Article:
Two conditions are considered with the above edge interaction processing. One is the condition of an intervening edge between a moving occulting surface and an occulted surface that is being exposed by the moving edge. This condition exists when the edge of the moving occulting surface that is exposing the occulted surface also exposes an edge of a surface intervening between the moving occulting surface and the surface being exposed. The other is a moving occulted edge that moves beyond the edge of an occulting surface so that it becomes visible. These two conditions are detected with auxiliary edge processor operations. Such processing may be implemented by using the edge processor to trace the occulted and non-visible edges to determine if these edges have become visible, such as by the above mentioned conditions. If an intervening edge has been exposed by a moving edge vacating a pixel, tracing of the intervening edge will show a visibility condition because the range byte associated with that intervening edge is smaller than the range byte of the pixel word in refresh memory, which is related to a more remote surface uncovered by the nearer occulting moving edge and occulted by the intervening edge. Similarly, a new occulted edge that moves into visibility can be detected by comparing the range byte of that moving edge with the range byte for that pixel in refresh memory and determining that the moving edge has a smaller range byte and therefore occults the surface being compared therewith. The frequency of occurrence of these conditions may be relatively small because they involve interaction between an edge of a moving occulting surface vacating a pixel and an edge of an intervening surface or the edge of a moving occulted surface moving through an edge pixel of the occulting surface. Therefore, these conditions involve interaction of edges of an occulting and an occulted surface, where one or both of these surfaces is moving in a direction to expose the edge of the occulted surface.

Another example of occulting processing will now be discussed with reference to FIG. 8A using the edge processor configuration discussed with reference to FIGS. 7A and 7B. Edge processor operation is initiated in operation 820 including initializing the refresh memory and initializing the edge table. This initialization can be accomplished with the incremental initial condition driving functions, such as discussed herein, or with whole number initial condition generation, such as under control of supervisory processor 125. The highest priority edge is identified in operation 822, such as by using priority processing as discussed herein. This highest priority edge is then processed in subsequent operations. Edge processor 131 then proceeds to operation 821 for updating the edge table with any new edges that may have entered the refresh memory.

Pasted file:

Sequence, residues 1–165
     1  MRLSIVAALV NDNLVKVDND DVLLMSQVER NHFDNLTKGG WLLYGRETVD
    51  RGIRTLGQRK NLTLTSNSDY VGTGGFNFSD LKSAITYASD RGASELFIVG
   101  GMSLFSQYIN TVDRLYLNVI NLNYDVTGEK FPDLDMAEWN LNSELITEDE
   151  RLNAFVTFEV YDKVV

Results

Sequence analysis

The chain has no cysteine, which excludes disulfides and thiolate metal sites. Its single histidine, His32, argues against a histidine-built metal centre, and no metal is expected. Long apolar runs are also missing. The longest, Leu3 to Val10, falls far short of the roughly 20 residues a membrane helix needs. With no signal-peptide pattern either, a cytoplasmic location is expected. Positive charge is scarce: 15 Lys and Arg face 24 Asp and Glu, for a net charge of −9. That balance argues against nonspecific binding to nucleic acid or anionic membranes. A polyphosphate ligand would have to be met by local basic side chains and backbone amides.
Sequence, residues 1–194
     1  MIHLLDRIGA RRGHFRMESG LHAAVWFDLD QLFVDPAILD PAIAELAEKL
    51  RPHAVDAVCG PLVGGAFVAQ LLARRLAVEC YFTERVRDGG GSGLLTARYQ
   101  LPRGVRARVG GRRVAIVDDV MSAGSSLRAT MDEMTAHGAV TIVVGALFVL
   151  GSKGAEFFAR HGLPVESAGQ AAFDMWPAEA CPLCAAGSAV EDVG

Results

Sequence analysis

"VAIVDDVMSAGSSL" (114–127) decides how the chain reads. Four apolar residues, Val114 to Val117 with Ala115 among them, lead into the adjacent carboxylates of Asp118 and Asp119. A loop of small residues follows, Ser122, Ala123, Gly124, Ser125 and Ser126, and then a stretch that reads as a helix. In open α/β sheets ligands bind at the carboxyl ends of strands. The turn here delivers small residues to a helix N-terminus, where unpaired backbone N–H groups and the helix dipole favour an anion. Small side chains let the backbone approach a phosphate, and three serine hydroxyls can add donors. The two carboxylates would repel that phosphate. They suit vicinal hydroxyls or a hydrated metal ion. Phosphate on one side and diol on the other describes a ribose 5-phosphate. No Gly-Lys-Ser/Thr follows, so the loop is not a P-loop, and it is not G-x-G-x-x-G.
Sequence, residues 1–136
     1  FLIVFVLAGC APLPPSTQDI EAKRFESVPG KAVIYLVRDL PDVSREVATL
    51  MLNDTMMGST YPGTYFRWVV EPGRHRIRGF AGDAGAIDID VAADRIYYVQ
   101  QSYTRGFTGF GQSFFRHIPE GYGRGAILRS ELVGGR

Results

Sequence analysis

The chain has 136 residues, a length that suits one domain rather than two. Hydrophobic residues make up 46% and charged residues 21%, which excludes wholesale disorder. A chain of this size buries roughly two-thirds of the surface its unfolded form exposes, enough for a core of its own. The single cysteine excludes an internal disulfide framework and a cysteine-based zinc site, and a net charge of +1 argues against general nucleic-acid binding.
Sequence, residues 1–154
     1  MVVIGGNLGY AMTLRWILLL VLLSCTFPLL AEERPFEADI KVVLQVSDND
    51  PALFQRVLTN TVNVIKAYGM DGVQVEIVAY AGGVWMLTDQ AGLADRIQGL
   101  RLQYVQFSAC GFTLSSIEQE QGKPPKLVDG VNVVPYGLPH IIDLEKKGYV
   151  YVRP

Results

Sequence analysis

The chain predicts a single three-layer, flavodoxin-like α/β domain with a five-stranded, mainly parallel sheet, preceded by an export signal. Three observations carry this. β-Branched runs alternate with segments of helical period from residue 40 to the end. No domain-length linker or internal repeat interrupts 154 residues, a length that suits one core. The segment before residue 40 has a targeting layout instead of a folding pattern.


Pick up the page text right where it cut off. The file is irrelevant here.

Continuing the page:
Edge processor 131 executes operation 825 to lookup the edge in increment memory to determine if the edge has moved and therefore requires updating and a test thereof is made in operation 823. If the edge has not moved, indicated by the absence of a change increment in increment memory 672, the processing loops back along the NO path from operation 823 to operation 822 to select another edge in accordance with the priority processing. If the edge has moved, indicated by the presence of a change increment in the increment memory, the processing proceeds along the YES path to lookup the edge parameters in the edge table in operation 824. The edge table is accessed for parameters of the selected edge for loading the edge processor, discussed herein with reference to FIG. 7A. The edge table may include addresses of edge parameter initial conditions; which may include actual position coordinates XA and YA corresponding to endpoint coordinates of the edge terminating at the surface vertex associated with the selected edge, addresses of the endpoint coordinates XE and YE for the selected edge, and the address of the slope m for the selected edge. These addresses may be the absolute addresses of these parameters in the geometric processor main memory. However, greater storage efficiency may be achieved using relative addressing and implicit addresses in a fixed format main memory arrangement. For example, a base address may be provided, where the addresses for the XA and YA parameters (the endpoint of the edge terminating thereon), for the XE and YE end points, and for the slope m of the selected edge may be provided. The X and Y coordinates and the slope of each edge may be fixed address locations relative to the base address.